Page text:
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Toyota Not Liable for Prius Fuel Estimates

8 Apr, 2014 By: Jeffrey Richter, Arthur Yoon

If you have seen advertisements for hybrid vehicles, chances are that you have marveled at the fantastic claims regarding EPA-estimated gas mileage. But if the car manufacturer had internal data that conflicted with the EPA fuel estimates, could the manufacturer still advertise the EPA fuel estimates knowing that its own internal data showed that such estimates were inaccurate?

In Gray v. Toyota Motor Sales U.S.A. Inc., the plaintiffs claimed that they relied on Toyota’s advertisement that the Prius offered an EPA-estimated 55 miles per gallon (MPG) and, when their Prius’ failed to achieve 55 mpg, they sued Toyota for violation of California’s Unfair Competition Law (UCL), California’s Consumer Legal Remedies Act (CLRA), and California’s common law fraudulent concealment laws. Although the plaintiffs acknowledged that the fuel economy numbers advertised by Toyota for the Prius were calculated according to the method mandated by the EPA, they contended that Toyota knew the EPA fuel estimates were inaccurate and could not be achieved in a “real-world” setting.

In light of Toyota’s knowledge that the published EPA mileage estimates were inaccurate, the plaintiffs argued that Toyota’s failure to disclose the results of its internal fuel efficiency tests amounts to an actionable omission. The plaintiffs contended that Toyota’s representations regarding fuel economy demonstrated the manner by which Toyota validated consumers’ reasonable expectations that they would achieve 55 mpg under real-world driving conditions, and that Toyota’s failure to disclose internal fuel economy data for the Prius, which varied from the marketed EPA fuel economy estimates, violated California laws.

The U.S. Court of Appeals considered this matter after the plaintiffs appealed the trial court’s decision to dismiss the lawsuit based on the trial court’s determination that Toyota did not have a duty to disclose its internal fuel economy data. Because the plaintiffs proceeded solely on a “pure-omission” theory of liability, the appellate court concluded that the viability of each of the three causes of action alleged turned on whether Toyota owed plaintiffs a duty of disclosure.

The appellate court examined California law to determine whether Toyota had a duty to disclose internal fuel economy data that was contrary to EPA estimates. When analyzing a UCL, CLRA, or fraudulent concealment claim, California law instructs that a manufacturer’s duty to consumers is limited to its warranty, unless a safety issue is present or there has been some affirmative misrepresentation. When applied to the fuel economy context, the appellate court stated that, as a matter of law, there is nothing false or misleading about a car manufacturer’s advertising that identifies the EPA fuel economy estimates for the car. Thus, no misrepresentation occurs when a car manufacturer merely advertises EPA estimates.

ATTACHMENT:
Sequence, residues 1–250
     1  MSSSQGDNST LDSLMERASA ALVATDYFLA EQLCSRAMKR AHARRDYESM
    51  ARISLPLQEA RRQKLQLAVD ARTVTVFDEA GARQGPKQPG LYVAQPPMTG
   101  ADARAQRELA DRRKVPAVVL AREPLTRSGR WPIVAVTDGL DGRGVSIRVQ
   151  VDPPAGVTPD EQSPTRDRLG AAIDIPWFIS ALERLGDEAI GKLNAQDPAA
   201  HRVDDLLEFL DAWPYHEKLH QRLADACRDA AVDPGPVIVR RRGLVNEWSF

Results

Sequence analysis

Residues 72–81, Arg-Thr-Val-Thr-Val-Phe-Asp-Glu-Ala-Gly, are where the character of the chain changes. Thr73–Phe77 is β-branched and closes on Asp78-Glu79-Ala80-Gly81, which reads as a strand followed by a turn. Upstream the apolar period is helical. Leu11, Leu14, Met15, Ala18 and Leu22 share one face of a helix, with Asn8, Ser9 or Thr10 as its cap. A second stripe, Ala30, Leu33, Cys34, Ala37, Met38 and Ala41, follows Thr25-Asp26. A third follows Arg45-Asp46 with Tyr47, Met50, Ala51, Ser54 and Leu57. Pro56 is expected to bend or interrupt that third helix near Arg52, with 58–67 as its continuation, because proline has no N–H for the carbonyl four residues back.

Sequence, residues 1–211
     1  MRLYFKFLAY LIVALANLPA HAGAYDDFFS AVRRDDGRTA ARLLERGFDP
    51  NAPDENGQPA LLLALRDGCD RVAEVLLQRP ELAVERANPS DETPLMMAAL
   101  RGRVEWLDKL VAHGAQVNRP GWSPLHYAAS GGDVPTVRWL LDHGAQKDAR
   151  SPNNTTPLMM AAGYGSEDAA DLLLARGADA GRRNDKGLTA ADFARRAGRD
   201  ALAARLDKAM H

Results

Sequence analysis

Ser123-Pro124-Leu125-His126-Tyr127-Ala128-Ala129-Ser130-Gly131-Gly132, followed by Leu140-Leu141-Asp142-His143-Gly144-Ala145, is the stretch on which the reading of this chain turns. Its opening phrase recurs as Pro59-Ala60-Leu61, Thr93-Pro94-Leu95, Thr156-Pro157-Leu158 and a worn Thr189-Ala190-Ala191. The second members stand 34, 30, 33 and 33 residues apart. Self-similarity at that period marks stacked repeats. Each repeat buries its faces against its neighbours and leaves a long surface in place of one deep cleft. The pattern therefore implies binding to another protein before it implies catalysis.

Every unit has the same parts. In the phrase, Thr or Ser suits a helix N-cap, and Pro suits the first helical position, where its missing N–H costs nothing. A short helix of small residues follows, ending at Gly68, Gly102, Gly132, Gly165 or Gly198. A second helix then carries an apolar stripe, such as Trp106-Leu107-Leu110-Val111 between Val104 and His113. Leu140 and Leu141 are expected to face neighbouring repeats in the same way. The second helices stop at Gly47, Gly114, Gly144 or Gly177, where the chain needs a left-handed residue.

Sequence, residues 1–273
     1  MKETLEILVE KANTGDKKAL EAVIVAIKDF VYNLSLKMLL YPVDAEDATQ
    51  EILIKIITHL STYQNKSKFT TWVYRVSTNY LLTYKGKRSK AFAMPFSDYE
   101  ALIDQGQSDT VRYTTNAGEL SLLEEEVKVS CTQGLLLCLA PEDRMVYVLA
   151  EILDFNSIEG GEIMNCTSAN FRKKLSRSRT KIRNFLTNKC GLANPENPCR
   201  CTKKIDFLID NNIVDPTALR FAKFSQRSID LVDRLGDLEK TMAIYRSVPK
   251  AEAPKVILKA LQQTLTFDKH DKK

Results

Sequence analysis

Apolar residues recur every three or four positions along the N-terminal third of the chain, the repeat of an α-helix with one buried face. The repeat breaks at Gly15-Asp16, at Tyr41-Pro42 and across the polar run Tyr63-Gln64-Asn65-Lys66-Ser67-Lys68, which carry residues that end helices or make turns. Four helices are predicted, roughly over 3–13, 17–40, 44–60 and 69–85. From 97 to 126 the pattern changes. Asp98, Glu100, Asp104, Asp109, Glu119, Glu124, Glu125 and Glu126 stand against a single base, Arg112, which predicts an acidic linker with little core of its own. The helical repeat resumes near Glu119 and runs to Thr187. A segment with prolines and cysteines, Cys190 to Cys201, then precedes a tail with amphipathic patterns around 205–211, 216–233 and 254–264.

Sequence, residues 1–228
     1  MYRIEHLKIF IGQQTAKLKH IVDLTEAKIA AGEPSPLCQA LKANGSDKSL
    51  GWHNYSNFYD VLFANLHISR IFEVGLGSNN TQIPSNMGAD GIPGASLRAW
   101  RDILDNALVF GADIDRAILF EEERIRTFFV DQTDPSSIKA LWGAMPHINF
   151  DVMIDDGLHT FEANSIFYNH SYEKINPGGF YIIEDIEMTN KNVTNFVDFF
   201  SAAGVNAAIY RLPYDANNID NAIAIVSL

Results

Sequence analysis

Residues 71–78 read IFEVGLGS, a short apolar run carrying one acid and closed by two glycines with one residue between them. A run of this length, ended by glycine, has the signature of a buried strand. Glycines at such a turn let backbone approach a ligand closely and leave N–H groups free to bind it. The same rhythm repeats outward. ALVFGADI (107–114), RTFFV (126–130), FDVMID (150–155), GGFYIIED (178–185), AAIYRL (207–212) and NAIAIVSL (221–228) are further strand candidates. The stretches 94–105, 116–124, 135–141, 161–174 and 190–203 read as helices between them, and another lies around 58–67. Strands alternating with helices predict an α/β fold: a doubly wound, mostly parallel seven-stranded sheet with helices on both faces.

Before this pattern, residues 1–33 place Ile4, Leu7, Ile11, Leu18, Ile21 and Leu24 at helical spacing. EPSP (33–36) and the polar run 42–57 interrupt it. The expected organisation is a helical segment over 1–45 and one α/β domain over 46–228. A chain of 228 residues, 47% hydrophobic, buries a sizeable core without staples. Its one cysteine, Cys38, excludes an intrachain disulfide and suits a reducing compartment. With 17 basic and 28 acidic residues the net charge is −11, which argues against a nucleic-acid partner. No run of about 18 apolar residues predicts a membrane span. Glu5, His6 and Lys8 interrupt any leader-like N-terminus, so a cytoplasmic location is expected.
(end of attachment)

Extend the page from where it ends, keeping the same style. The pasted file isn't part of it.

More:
The plaintiffs were unable to establish that Toyota violated its duty under California law. The Plaintiffs did not allege that their case was governed by an existing warranty or that any affirmative misrepresentations were made by Toyota. Rather, they only claimed that Toyota failed to disclose certain information known to it, which conflicted with EPA estimates. California law, however, does not recognize a cause of action for publicizing EPA fuel economy estimates and omitting further explanation.

Even if California law did allow for suits based on omissions relating to fuel economy, Toyota marketed the Prius with valid EPA fuel economy estimates along with the disclaimer “actual mileage may vary.” This disclaimer by Toyota further emphasized the fact that Toyota’s marketing was not unfair, likely to deceive, or fraudulent under California law, according to the appellate court.

While the court’s determination may be surprising to consumers and protective of car manufacturers, it should not be relied upon by advertisers outside the context of a fuel economy case. Toyota’s practice of advertising EPA estimates, along with the disclaimer “actual mileage may vary,” has been a practice of car advertising that has been examined and accepted by the courts on several occasions under California law. Advertising claims of a product’s efficacy need to be examined on a case-by-case basis taking into account the specific industry and established law.

Jeffrey Richter and Arthur Yoon are attorneys at Blank Rome LLP. They can be reached at (424) 239-3400 or via E-mail at [email protected] and [email protected].

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